“Nothing in science has any value to society if it is not communicated, and scientists are beginning to learn their social obligations”    Anne Roe, The Making of a Scientist (1953)

Scientists and technologists increasingly have to add their professional skills with socio-scientific issues. The crisis of traditional media, particularly press and scientific journalism, the rising of the World Wide Web and Science 2.0, ask to scientists and technologists to speak directly to different public. Scientists must be able to explain their work effectively and memorably to no specialist audiences as well as to their peers. Whilst scholars used to rely on browsing published papers in the library or meeting in conferences to keep up-to-date within their research field, the emergence of new media tools, such as wikis, academic blogs and micro-blogs, have enabled communication and dissemination of research-related content without the constraints of time and space (Maron and Smith 2008;Neylon and Wu 2009; Procter et al. 2010b; Gu and Widén-Wulff 2011). Social media seem to have gained certain popularity in the research life cycle among academic and scientific communities, from identifying research opportunities to disseminating findings (Nicholas and Rowlands 2011). Scientists need to have an online presence and an online scientific reputation.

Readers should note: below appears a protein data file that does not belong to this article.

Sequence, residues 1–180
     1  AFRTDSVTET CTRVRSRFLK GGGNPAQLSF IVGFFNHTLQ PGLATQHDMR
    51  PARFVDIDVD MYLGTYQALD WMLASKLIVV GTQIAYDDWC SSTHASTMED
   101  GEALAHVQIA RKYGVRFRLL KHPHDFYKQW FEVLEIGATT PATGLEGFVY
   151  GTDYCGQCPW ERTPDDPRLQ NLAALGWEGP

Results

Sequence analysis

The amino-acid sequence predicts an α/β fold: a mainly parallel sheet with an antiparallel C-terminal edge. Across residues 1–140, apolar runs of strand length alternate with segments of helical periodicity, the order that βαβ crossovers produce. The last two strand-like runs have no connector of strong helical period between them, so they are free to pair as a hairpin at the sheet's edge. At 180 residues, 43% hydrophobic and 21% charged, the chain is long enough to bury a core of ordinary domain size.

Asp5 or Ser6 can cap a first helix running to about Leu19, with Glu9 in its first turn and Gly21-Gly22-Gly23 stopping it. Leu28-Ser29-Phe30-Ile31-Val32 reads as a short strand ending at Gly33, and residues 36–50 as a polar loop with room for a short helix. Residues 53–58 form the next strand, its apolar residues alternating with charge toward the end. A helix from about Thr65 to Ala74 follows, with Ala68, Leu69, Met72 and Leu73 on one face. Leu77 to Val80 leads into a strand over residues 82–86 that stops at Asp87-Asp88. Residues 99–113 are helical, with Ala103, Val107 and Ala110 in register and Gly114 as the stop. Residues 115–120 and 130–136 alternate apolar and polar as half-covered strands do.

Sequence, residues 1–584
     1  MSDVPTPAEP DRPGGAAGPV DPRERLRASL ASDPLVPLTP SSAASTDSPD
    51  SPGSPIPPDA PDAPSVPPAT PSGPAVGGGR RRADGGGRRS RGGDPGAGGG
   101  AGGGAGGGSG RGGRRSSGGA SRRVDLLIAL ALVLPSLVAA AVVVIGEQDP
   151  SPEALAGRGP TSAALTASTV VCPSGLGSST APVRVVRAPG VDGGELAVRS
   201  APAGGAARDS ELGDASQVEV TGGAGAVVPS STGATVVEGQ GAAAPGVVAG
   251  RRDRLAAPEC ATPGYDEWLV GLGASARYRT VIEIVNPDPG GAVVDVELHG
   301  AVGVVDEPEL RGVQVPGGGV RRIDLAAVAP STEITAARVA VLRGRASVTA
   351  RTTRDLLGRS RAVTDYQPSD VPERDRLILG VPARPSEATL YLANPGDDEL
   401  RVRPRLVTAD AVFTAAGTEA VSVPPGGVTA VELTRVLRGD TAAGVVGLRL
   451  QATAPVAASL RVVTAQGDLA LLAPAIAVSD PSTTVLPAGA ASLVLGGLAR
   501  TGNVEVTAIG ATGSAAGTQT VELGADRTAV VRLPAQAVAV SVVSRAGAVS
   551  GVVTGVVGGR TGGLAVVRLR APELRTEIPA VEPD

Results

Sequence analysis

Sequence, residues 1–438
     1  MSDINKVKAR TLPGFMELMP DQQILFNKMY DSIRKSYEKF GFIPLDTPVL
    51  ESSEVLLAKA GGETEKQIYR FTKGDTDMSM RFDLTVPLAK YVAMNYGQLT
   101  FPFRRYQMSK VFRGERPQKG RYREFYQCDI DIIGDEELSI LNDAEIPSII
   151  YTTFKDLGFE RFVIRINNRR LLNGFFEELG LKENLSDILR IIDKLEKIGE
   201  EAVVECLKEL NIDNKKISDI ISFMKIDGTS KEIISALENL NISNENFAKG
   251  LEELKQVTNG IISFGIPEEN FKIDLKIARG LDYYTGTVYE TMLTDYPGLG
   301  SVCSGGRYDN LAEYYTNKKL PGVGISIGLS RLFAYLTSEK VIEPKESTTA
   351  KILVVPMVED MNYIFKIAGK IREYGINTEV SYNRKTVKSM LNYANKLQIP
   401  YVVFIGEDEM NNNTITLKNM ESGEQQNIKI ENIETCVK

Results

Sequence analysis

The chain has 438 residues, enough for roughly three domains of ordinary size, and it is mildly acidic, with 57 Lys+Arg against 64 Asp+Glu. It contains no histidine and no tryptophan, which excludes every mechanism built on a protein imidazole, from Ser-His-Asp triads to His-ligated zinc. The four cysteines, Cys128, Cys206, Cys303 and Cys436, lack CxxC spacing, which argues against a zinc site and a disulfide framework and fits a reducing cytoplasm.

It seems a very hard work, but it is necessary. In this unit we will try to understand communication skills for scientists and technologists and we will try to recognize spaces and languages of different types of communication.

Starting with:

  • basics of sociology and communication of science,

and focusing on

  • institutional science communication,

  • strategic communication,

  • social media management with some suggestion online about reputation and online community management related .


During the SS students can apply a strategic communication plan to their own individual project

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